Daniel Sloss Proves the ‘You Can’t Say Anything’ Comics Wrong By Saying Everything

Sloss speaks to Cracked about his current show ‘CAN’T,’ cancel culture and the power of provocation
Daniel Sloss Proves the ‘You Can’t Say Anything’ Comics Wrong By Saying Everything

If cancel culture is really killing comedy, then why can’t it stop Daniel Sloss?

The most obvious indication that a stand-up comedian is lazy is that they’ll try to impress you with all the controversial jokes they “can’t” tell. For the last 15 years, a Scottish stand-up wunderkind has been crafting shows so dark, so touchy and so gleefully, indulgently indecent that it’s impossible to explain why the fun police that’s supposedly been locking up all the most offensive comedians in fun prison wouldn’t start their investigation at the Edinburgh Fringe Festival. There, in the late 2000s, Sloss exploded onto the international comedy scene, selling out entire seasons at the prestigious festival when he was just a teenager and shocking crowds with his profanity, his playfulness and his love of line-crossing.

For as long as he’s been performing stand-up, Sloss has challenged the notion that any topic is off-limits to comedy. In his 2018 Netflix special DARK, Sloss told his story of growing up with a disabled sister who died at the age of 7. Sloss structured his HBO special X, released in 2019, around the difficult subject of sexual assault and the rape of his good friend by another person close to him. His self-released 2022 special SOCiO invited audiences to wonder whether he, and they, were diagnosable sociopaths.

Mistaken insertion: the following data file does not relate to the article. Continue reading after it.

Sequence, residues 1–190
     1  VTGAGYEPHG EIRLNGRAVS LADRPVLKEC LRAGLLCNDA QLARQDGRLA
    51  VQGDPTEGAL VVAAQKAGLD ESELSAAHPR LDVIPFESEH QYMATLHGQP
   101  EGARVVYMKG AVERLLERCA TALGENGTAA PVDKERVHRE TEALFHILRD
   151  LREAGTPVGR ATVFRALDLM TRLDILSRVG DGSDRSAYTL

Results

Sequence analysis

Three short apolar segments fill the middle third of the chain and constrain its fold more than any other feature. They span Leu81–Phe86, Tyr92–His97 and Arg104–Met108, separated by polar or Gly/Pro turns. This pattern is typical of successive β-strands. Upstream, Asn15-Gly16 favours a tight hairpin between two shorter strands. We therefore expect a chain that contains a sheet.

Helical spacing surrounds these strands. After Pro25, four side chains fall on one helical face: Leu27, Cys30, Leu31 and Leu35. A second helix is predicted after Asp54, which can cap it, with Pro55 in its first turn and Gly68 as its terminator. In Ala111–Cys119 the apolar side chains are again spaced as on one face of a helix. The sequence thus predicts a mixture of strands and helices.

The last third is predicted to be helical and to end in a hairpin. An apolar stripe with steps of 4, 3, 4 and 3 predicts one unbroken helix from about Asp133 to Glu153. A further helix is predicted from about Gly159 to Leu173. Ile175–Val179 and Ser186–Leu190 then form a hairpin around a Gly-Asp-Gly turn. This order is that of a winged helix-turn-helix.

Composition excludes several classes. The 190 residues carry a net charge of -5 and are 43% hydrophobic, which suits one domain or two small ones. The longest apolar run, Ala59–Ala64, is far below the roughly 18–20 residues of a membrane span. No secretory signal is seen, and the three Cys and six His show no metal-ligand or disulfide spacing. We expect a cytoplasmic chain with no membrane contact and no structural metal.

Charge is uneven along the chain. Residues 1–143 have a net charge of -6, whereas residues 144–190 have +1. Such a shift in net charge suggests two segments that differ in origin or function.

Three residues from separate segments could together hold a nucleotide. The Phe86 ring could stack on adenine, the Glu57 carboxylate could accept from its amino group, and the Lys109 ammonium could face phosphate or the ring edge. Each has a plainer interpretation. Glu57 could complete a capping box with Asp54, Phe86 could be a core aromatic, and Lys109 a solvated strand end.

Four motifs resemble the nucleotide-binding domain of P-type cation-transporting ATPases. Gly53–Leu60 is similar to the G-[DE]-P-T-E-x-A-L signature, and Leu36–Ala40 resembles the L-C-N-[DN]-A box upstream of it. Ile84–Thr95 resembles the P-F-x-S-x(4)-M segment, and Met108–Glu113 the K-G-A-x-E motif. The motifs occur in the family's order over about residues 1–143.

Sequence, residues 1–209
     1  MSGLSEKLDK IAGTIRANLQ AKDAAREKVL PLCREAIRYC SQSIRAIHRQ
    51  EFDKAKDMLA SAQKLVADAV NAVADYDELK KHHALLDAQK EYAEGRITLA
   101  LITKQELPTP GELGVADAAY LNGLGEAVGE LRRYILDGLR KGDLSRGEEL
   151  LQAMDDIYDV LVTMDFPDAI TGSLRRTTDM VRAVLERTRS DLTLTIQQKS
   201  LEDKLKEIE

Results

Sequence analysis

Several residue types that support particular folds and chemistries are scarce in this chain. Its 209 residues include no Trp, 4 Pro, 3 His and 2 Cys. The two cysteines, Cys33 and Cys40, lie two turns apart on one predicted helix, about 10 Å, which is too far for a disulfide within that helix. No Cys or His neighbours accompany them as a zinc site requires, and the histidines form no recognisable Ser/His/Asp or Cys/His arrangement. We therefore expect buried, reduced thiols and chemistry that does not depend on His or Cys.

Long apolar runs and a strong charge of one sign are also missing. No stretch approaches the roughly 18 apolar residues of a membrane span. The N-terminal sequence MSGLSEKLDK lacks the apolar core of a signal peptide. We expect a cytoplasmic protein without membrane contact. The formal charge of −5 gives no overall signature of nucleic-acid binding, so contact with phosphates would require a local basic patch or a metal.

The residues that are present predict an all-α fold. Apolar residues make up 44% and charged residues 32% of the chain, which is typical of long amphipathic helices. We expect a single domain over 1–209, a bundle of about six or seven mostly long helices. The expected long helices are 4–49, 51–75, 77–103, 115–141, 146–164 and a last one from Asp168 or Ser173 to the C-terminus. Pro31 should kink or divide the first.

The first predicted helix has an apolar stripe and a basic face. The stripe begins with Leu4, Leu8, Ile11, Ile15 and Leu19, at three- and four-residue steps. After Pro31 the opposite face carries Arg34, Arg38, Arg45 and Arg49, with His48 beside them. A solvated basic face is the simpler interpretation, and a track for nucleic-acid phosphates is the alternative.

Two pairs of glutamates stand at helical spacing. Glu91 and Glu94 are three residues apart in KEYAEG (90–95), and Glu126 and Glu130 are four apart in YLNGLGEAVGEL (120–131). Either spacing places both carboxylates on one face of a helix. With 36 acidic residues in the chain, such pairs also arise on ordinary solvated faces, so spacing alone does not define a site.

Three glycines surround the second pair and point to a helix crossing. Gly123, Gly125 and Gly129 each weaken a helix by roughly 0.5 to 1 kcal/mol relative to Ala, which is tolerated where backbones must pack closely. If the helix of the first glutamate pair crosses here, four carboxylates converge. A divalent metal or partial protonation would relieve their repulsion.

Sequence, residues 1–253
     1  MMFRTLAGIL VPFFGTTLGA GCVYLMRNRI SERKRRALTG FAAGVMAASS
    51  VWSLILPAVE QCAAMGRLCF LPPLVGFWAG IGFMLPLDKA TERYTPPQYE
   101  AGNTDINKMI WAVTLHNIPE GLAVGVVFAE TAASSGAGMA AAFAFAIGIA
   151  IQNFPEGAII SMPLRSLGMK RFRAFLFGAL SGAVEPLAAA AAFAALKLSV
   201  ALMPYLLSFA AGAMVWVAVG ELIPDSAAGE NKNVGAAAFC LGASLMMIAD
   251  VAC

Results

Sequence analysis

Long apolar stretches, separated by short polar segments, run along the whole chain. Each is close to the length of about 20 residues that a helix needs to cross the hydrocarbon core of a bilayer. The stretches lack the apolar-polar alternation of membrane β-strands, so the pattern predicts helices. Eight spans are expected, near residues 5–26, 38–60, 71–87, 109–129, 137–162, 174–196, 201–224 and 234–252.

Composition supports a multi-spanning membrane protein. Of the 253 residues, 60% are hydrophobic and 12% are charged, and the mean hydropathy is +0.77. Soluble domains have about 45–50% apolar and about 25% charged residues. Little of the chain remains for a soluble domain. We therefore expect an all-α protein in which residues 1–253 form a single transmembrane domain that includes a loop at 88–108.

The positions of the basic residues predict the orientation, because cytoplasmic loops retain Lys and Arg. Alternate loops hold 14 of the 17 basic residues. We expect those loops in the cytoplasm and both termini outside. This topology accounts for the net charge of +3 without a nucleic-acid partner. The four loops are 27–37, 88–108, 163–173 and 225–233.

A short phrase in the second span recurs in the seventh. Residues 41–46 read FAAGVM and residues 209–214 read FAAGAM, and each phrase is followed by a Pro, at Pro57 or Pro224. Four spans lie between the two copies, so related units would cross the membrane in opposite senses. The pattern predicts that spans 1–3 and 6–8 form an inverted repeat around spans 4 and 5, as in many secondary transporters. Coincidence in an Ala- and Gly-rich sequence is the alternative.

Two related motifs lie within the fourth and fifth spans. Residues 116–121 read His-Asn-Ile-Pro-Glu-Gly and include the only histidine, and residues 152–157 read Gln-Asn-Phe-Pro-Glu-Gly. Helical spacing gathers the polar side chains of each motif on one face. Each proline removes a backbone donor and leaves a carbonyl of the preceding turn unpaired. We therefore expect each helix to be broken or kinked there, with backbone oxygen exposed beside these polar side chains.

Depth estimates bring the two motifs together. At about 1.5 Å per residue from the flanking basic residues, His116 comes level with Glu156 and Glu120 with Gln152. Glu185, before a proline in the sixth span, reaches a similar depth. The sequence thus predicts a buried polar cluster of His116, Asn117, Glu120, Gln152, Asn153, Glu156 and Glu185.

Now, Sloss is touring a show called CAN’T that challenges the arguments made by comics who abuse that word in regards to what is and isn’t “allowed” in humor. Sloss has spent the last two years working on CAN’T in theaters across the world, and he spoke to me last week at the start of the American leg of the tour about how his experiences in places where comedians face political persecution shaped his feelings toward both the importance of provocation in comedy and the pathetic excuses made by those who can’t pull it off.

You’ve just started the North American leg of your tour of the show, CAN'T. What can audiences expect to see from you this time around?